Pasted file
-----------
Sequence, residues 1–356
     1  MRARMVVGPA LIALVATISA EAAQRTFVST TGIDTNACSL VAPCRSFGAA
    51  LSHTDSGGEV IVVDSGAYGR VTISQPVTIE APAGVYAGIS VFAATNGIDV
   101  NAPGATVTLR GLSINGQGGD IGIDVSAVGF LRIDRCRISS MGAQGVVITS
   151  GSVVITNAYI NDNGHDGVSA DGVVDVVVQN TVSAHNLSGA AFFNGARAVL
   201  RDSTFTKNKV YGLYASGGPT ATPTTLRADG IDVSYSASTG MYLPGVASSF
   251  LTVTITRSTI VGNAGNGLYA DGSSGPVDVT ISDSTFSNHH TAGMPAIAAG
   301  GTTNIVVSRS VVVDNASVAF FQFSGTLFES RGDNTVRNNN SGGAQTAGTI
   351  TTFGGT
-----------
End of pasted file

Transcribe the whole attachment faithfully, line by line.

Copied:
Sequence, residues 1–356
     1  MRARMVVGPA LIALVATISA EAAQRTFVST TGIDTNACSL VAPCRSFGAA
    51  LSHTDSGGEV IVVDSGAYGR VTISQPVTIE APAGVYAGIS VFAATNGIDV
   101  NAPGATVTLR GLSINGQGGD IGIDVSAVGF LRIDRCRISS MGAQGVVITS
   151  GSVVITNAYI NDNGHDGVSA DGVVDVVVQN TVSAHNLSGA AFFNGARAVL
   201  RDSTFTKNKV YGLYASGGPT ATPTTLRADG IDVSYSASTG MYLPGVASSF
   251  LTVTITRSTI VGNAGNGLYA DGSSGPVDVT ISDSTFSNHH TAGMPAIAAG
   301  GTTNIVVSRS VVVDNASVAF FQFSGTLFES RGDNTVRNNN SGGAQTAGTI
   351  TTFGGT